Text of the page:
Just a short week after Orlando, another assault weapon shooting was in the news much closer to home.
Late Sunday night, a Jonesboro man was confronted at his front door by two men, one of which reportedly carried a shotgun.
When the pair threatened him and tried to shove their way into the house, the resident retrieved his AR-15 rifle and opened fire.
The armed assailant was killed; his suspected accomplice is in custody, charged with aggravated robbery, police said.
On Monday, several states away in Waynesboro, Pennsylvania, an armed robber burst into a pharmacy, shoved his pistol in the face of a female clerk and shouted demands for money and drugs.
The pharmacy’s owner, who possessed a concealed weapons permit, was thrown a bag and ordered to fill it with Oxycodone.
Turning his back as if to obey, the owner drew his own handgun and shot the robber several times.
The assailant survived and remains in critical condition in a nearby hospital.
Two weeks earlier, another Pennsylvania pharmacy robber wasn’t so lucky.
Armed with a shotgun, which he tried to conceal behind an umbrella, a man wearing a Halloween mask entered the Levittown, PA pharmacy and charged the counter.
The pharmacy owner shouted twice that he had a gun.
As the would-be robber leaped over the cash register, the pharmacy owner—who had watched the man approach on security cameras mounted outside the store—opened fire, mortally wounding the assailant.
In each of these examples, the outcome intended by the criminal was changed by an armed victim.
In each instance, the intended victims had a fighting chance against violent lawlessness and evil—and prevailed.
No law on earth would have changed the criminals’ behavior. The only thing more gun laws might have changed is the consequences for the innocent people who were attacked.
Countless self-defense shootings are captured on surveillance videos, and easily accessed by Internet search. Almost every time, the criminals are surprised to be confronted with armed resistance.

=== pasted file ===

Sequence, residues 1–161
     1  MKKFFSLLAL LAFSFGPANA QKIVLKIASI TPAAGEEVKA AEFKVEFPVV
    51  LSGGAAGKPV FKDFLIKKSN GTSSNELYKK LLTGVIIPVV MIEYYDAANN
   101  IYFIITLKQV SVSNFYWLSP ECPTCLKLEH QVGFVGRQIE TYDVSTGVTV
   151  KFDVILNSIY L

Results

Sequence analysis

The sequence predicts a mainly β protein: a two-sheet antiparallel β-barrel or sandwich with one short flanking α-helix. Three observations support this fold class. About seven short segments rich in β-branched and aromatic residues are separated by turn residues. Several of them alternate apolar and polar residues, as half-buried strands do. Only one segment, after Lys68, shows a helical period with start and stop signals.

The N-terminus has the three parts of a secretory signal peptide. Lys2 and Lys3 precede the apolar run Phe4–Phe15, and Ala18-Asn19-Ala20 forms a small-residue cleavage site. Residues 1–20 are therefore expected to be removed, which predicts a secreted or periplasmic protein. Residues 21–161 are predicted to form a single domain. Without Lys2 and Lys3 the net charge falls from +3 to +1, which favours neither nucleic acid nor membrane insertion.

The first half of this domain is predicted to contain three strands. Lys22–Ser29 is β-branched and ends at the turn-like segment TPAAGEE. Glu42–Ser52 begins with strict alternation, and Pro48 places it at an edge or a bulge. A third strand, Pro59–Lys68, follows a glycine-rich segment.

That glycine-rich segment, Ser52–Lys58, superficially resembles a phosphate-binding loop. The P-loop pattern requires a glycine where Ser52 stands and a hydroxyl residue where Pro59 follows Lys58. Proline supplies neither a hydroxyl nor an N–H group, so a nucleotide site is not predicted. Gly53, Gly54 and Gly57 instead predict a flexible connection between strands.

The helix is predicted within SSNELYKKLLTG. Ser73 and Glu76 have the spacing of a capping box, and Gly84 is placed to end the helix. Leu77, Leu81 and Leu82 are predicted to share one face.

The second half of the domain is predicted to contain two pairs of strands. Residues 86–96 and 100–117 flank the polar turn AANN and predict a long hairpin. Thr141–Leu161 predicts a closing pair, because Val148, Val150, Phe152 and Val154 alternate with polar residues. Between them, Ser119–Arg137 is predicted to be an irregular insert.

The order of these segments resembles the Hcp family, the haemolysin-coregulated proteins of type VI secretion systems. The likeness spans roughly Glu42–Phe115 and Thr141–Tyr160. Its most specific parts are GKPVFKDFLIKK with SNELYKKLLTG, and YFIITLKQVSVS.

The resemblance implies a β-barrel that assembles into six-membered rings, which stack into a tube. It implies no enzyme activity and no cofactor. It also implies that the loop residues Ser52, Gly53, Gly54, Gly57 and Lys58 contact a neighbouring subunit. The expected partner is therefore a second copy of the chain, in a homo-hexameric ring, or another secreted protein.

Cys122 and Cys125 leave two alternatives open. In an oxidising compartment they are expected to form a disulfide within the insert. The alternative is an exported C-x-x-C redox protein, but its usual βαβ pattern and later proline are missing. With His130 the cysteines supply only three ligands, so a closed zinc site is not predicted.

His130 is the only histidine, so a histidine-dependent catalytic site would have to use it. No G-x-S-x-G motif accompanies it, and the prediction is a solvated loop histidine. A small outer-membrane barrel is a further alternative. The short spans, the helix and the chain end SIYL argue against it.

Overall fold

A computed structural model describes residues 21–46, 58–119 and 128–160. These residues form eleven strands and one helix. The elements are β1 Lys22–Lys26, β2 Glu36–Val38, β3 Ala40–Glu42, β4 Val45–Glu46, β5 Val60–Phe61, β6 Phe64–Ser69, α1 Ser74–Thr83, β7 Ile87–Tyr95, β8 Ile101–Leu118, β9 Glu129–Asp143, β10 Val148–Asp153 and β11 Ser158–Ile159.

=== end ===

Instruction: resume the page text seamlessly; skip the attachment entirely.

The silent film footage typically reveals an instant change in attitude: one moment a gun-wielding, tough-talking thug is barking orders, and the next he is like a roach trying to dodge, scamper, hide—do anything—to escape the very fate he had been threatening his victims with.
As the district attorney observed of the dead robber in Levittown, “The fella asked for what he got, and he got it.
“Frankly, [the owner] should be commended,” D.A. David Heckler said, “he performed a public service in taking out this fella.”
From a fiscal standpoint, it’s certainly cheaper for the state to bury an armed robber than incarcerate him for 20 years. And the recidivism rate for dead violent criminals is zero.
News stories of thwarted crimes like these and hundreds of thousands of others are generally relegated to local coverage, while sensational shootings in which the criminal is successful command national headlines.
Who knows what might have happened differently in Orlando if, in addition to the lone armed security guard at the entrance (which the shooter outgunned immediately), a few of the 300 or so patrons inside the club had been legally carrying concealed weapons?
The outcome might have been the same; it wouldn’t have been worse.
It appears the shooter there, like so many others, would have been surprised had someone from the crowd come up shooting back. He reportedly cased the club, and was familiar with the security setup.
Chances are, had the security guard brought the gunman down before any loss of life, the story would have stayed mainly a local one.
In the end, that adage gun-control advocates hate proved true. The only thing that stopped the bad guy with a gun was a good guy with a gun—in that case, the police, who arrived too late to save 49 lives.
Orlando is an extreme incident, of course. More common shootings of any kind—single or multiple—all begin the same way, with a criminal pulling out a gun and hoping no one else there has one. The likelihood of a gunman committing his crime in full view of a police officer, who can intervene at the onset, is slim.
Most crimes for gain (as opposed to rage or passion crimes) are planned to some extent. Criminals bring guns along because the last thing they want is a fair fight.
The best hope for reducing shootings is for criminals to become more and more worried that more citizens might be ready to shoot back—or even shoot first once they realize the lethal threat.
A short anonymous essay has made the rounds on Facebook recently, which begins with this:
“I stand behind you in line at the store with a smile on my face…and a handgun in my waistband and you are none the wiser, yet you are safer for having me next to you.”
If I’m with my family in a theater, or a convenience store, or a pharmacy, or a nightclub, and some criminal wants to be the only one there with a gun, I want that safety next to me. I want a fighting chance.
You should too.